Tortine di mele Apple tarts (Tortine di mele: tortenay dee melay) There are many varieties of apples in Piedmont – one of my favourites, but hard to find, is the mela Carla, an incredibly sweet variety. If you can’t get them, use the lovely Golden Delicious instead. Ingredients 1kg apples 200g caster sugar 1 glass of Marsala (or rum) 4 eggs, separated 200g butter 100g honey 200g plain white flour 2 teaspoons of baking powder Peel and cube the apples and place in a pot with the sugar and Marsala (or rum). Whisk the yolks into the apple, sugar and Marsala mixture, then add the softened butter, the honey and the flour, and mix well. Whisk the egg whites and add the baking powder in very gently, then fold the mixture in. Pour into little greased ramekins, then gently spoon over each ramekin the apple and Marsala mixture. Cook for 1 hour at 200 degrees. These tortine can also be made as one big cake, of course, but I love the daintiness of them. A word of warning: the mixture tends to grow in the oven, so allow space in the ramekins or the baking tray.

More tales from Glen Avich by DANIELA SACERDOTI Watch Over Me RRP: £7.99 ISBN 978 1 84502 528 1

An ethereal and beautifully written debut novel, Watch Over Me is a poignant story about letting go and moving on. Eilidh Lawson’s life has hit crisis point. Years of failed fertility treatments, a cheating husband and an oppressive family have pushed her to the limit. Desperate for relief, Eilidh seeks solace in the only place she’s ever felt at home – a small village in the Scottish Highlands. There, Eilidh slowly begins to mend her broken heart but soon learns she is not the only one in the village struggling to recover from a painful past.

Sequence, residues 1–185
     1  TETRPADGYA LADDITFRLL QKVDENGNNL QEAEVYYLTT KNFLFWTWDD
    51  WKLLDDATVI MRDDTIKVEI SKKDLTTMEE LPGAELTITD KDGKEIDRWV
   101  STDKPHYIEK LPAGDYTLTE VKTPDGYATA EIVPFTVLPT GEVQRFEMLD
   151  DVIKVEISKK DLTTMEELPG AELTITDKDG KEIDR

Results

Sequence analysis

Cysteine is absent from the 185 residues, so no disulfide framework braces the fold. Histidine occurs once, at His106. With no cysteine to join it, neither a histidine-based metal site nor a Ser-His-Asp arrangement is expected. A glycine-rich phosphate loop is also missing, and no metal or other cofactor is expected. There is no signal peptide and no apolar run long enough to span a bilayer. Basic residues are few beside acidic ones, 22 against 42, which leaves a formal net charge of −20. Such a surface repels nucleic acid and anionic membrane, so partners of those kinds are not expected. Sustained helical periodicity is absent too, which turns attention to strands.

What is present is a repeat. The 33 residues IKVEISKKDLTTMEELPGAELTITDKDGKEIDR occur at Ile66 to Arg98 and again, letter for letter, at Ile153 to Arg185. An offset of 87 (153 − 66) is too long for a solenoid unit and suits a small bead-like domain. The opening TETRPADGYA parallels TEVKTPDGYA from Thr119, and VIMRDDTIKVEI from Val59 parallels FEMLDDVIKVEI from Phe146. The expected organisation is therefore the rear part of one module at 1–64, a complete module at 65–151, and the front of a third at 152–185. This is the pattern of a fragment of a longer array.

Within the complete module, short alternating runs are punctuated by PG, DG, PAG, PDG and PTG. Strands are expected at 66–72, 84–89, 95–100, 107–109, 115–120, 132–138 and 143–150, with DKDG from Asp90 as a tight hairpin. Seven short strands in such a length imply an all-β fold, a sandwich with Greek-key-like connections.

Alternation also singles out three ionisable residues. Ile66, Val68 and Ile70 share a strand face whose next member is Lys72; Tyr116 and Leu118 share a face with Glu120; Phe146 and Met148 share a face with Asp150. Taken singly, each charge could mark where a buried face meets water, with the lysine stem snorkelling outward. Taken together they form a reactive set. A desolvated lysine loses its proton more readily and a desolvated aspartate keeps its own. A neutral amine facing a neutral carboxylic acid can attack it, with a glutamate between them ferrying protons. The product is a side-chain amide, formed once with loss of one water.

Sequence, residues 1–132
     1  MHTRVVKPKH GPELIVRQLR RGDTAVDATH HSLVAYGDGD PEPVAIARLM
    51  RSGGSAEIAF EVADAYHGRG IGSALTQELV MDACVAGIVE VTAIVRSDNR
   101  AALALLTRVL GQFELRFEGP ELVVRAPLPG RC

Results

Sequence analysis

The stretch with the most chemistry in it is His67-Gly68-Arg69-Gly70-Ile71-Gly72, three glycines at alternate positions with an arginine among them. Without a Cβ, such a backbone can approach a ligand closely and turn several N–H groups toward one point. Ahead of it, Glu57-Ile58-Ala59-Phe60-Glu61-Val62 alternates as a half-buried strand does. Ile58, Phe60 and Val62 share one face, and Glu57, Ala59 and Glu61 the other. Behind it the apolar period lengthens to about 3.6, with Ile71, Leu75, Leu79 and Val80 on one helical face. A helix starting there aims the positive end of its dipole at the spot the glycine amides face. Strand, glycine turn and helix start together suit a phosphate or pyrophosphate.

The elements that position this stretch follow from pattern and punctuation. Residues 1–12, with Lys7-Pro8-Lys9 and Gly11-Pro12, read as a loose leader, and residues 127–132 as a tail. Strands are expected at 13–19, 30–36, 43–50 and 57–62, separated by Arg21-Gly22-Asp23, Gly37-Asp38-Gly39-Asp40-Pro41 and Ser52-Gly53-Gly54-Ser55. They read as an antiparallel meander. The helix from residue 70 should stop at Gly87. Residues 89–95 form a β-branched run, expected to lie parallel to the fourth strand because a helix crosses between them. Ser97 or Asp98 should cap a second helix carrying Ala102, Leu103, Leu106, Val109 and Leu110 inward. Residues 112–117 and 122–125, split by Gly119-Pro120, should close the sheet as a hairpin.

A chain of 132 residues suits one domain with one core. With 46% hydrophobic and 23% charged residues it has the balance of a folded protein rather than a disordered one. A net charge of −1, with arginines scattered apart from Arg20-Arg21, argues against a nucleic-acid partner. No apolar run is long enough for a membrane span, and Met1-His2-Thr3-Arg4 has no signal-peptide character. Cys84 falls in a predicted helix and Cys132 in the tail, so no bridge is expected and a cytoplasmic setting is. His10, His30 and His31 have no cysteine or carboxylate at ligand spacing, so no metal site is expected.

Take Me Home RRP: £7.99 ISBN: 978 1 84502 746 9

Heartbreaking and uplifting, Take Me Home is a beautiful story of love, loss and never forgetting who you really are. Inary Monteith’s life is at a crossroads. After a stolen night with her close friend Alex, she’s just broken his heart by telling him it was all a terrible mistake. Then she has to rush home from London to the Scottish Highlands when her little sister’s illness suddenly worsens – and in returning she must confront the painful memories she has been trying so hard to escape.

Set Me Free is the latest novel from the author of the bestselling Watch Over Me and Take Me Home Margherita’s marriage is slowly falling apart. Getting pregnant after trying for so long may have been a fabulous surprise for her, but for her husband it was the last straw. When she needs him most, her husband is just not there for her or their children and she realises that they need time apart to figure out where their marriage is going. As she struggles to come to terms with her new life, Margherita decides to leave London and spend the summer in Glen Avich, where her mum and stepdad have just opened a new coffee shop. She needs time away to reconnect with her daughter Lara and sort out her life. But Glen Avich can have a strange effect on people, and when she and Lara start working for Torcuil Ramsay at a rundown local estate, everything begins to change. Margherita finds her heart awakened in a way she never thought possible and Lara begins a new friendship with a mysterious local boy, Mal, which makes her mother feel increasingly uneasy. And just when Margherita is finally beginning to discover who she really is, she finds out quickly how things can change and how hard it can be to make brave choices. Set Me Free is available as a paperback and an ebook from all good bookshops. PBK RRP: £7.99 ISBN: 978 1 84502 951 7 This recipe book is also available to download for free from and, or by scanning the QR Code:


Margherita's Recipes from Daniela Sacerdoti's Set Me Free  

Margherita's Recipes. From Nonna Ghita's original notebook. All recipes feature in Daniela Sacerdoti's Bestselling Novel, Set Me Free. Mor...

Margherita's Recipes from Daniela Sacerdoti's Set Me Free  

Margherita's Recipes. From Nonna Ghita's original notebook. All recipes feature in Daniela Sacerdoti's Bestselling Novel, Set Me Free. Mor...